Keeping track of maintenance services can be tricky. A homeowners’ association can easily become overwhelmed if there is no management system put in place. When maintenance needs come up — anticipated or not — the board may find themselves drowning in problems of quality, deadlines, and overcharging. To prevent these issues from occurring, it’s beneficial to have preferred service providers listed in your homeowners association management matrix. Here’s how to create a vendor matrix for your HOA.
Learn How to Create a Vendor Matrix
What is a vendor matrix? Also known as a vendor evaluation matrix, this table helps when you’re choosing from multiple vendors at a time for a specific project. Depending on how you design your own matrix, you can rank them accordingly and see which one is best suited for the job.
These are the steps that will help you create a vendor matrix for your association:
1. List Down Your Vendor Requirements
It’ll be easy to create a vendor matrix once you have listed down all your vendor requirements or responsibilities. List down all the maintenance needs of your community. Arrange them into maintenance categories such as air-conditioning, heating, plumbing, flooring, and the like.
Start each category with an overview of tasks and then break them down into smaller sections. The vendor matrix can also include a priority column. Indicate which maintenance needs are a high priority and which ones are low priority or negotiables.
2. Compile Preferred Companies
List down primary choices for vendors or service providers. Make sure to choose companies that can meet all your maintenance needs. The HOA board can determine which service providers qualify the most based on your vendor requirements. As you build your HOA contractor matrix, try to also think about how well you can trust each vendor with your community’s needs.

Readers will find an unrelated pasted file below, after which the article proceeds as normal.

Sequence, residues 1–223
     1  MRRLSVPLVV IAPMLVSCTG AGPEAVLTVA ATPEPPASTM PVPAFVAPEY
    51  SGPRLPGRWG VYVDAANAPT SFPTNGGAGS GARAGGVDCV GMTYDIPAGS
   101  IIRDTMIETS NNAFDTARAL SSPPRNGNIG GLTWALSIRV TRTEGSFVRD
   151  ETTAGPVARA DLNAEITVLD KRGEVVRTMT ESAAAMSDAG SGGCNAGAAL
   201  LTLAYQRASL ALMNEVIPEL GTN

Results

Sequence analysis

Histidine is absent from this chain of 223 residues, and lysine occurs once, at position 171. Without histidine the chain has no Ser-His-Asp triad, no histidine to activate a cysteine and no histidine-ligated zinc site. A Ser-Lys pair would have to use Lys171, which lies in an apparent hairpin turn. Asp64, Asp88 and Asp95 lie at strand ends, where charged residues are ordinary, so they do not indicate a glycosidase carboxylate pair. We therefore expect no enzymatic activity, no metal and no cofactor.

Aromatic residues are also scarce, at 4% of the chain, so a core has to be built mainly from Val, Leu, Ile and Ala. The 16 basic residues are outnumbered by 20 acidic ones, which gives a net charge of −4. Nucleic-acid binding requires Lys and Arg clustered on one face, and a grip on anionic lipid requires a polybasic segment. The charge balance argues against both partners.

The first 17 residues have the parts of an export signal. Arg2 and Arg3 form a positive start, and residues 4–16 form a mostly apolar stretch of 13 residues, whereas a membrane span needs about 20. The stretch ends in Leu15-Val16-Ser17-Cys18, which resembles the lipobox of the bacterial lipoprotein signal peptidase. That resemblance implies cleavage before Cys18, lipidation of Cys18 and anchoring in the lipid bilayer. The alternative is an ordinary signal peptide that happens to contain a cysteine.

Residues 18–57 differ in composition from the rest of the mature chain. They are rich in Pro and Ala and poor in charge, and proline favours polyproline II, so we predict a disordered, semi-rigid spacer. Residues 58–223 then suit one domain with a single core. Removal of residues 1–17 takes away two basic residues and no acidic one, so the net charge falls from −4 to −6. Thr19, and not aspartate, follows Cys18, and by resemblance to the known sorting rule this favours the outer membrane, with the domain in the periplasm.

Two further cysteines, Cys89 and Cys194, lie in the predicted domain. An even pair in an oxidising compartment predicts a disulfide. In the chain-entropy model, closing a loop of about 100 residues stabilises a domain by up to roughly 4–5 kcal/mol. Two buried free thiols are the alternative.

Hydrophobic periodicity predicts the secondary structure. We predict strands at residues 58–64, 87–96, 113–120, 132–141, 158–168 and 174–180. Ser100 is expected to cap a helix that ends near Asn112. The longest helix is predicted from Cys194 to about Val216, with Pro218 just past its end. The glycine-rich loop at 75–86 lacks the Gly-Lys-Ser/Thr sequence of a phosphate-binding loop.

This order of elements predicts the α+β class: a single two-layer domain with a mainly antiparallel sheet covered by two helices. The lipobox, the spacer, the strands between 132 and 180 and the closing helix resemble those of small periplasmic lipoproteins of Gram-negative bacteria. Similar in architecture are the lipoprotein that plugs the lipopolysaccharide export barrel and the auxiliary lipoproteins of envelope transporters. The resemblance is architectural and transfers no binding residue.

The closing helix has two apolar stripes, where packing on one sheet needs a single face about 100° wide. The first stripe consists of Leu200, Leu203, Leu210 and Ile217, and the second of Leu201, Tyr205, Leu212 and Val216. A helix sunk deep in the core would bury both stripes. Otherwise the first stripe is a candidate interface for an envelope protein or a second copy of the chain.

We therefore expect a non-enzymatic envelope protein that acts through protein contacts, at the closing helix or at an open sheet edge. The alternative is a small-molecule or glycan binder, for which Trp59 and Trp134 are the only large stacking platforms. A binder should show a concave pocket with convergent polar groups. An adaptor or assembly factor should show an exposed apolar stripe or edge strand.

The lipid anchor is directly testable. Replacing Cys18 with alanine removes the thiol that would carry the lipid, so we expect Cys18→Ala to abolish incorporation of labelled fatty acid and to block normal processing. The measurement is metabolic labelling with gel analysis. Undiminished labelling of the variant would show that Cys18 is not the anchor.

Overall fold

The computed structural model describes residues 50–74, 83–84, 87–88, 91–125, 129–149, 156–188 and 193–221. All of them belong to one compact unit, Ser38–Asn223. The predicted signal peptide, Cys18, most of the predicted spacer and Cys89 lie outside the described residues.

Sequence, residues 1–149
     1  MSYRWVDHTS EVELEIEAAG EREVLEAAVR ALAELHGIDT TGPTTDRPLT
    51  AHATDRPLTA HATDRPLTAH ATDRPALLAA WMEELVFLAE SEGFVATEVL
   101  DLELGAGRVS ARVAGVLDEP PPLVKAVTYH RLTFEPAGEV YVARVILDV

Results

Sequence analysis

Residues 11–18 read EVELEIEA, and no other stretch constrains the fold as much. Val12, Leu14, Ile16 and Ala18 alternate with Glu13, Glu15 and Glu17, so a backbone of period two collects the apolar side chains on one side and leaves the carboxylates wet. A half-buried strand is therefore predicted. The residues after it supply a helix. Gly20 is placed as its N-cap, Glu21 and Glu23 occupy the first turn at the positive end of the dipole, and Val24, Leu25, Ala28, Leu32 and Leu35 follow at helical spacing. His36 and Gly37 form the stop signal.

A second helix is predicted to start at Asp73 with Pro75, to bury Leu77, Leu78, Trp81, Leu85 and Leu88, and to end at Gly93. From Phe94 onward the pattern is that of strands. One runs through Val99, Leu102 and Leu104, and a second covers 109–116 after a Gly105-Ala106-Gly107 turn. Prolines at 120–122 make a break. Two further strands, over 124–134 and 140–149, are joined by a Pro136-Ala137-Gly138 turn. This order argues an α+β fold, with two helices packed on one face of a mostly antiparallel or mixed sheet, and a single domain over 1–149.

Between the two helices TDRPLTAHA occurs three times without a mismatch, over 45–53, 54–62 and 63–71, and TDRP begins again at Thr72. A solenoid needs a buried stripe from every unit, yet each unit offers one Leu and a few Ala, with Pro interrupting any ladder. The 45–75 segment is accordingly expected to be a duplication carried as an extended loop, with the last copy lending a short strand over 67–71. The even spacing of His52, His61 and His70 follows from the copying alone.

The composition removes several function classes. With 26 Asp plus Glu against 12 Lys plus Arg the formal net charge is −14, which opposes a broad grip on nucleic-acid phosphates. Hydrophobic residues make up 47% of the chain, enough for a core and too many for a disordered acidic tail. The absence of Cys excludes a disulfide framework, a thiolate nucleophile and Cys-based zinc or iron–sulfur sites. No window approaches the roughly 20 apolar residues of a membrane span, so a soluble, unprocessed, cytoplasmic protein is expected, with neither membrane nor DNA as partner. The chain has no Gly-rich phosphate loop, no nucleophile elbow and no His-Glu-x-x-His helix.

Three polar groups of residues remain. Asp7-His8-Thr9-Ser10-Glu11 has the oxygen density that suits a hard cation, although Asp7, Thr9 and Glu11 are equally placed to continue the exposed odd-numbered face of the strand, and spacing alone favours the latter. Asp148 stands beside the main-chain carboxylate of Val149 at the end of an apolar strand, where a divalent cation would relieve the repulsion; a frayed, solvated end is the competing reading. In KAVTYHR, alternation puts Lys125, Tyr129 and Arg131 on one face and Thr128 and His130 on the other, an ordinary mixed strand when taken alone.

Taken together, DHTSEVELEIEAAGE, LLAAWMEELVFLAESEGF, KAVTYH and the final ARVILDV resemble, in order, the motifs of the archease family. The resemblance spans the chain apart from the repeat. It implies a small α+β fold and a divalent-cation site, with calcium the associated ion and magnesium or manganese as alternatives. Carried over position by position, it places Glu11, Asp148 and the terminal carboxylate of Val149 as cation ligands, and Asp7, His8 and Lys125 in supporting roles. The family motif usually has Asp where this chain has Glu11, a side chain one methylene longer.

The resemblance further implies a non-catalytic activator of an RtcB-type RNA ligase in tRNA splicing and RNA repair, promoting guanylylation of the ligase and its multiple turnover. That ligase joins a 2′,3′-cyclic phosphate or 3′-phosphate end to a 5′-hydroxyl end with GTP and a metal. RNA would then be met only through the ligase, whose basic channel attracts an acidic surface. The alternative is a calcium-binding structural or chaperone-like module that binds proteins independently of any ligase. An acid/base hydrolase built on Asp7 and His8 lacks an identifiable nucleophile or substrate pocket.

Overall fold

3. Add Secondary Options for Vendors
The vendor matrix for a homeowners association should also include secondary options for vendors. The HOA can reach out to your backup vendors in case your preferred vendor has a full schedule. Make sure you categorize them, as well.
Of course, some vendors may have specialties in more than one category. You may tag them in several categories but try to limit this as much as possible. An ideal number would be two or three vendor choices for each category. Keep in mind that some jobs may call for more than one vendor in a single area.
4. Review Your Vendor Matrix
If a specific member or committee is assigned to create a vendor matrix for the HOA, the final output must be reviewed by the entire board. This checking process ensures that the vendor matrix is complete and comprehensive. It should cover all the maintenance services that your HOA needs.
5. Update Your Vendor Matrix
Just because you have a vendor matrix doesn’t mean you have to stick with it forever. At the very least, your HOA should update the vendor matrix annually. This is to account for changes that happen over time.
Depending on their quality of work, a preferred vendor may be downgraded and a backup vendor may be upgraded. Changes in your HOA’s budget may also lead to an increase or decrease in maintenance services.
Vendor Evaluation Matrix Sample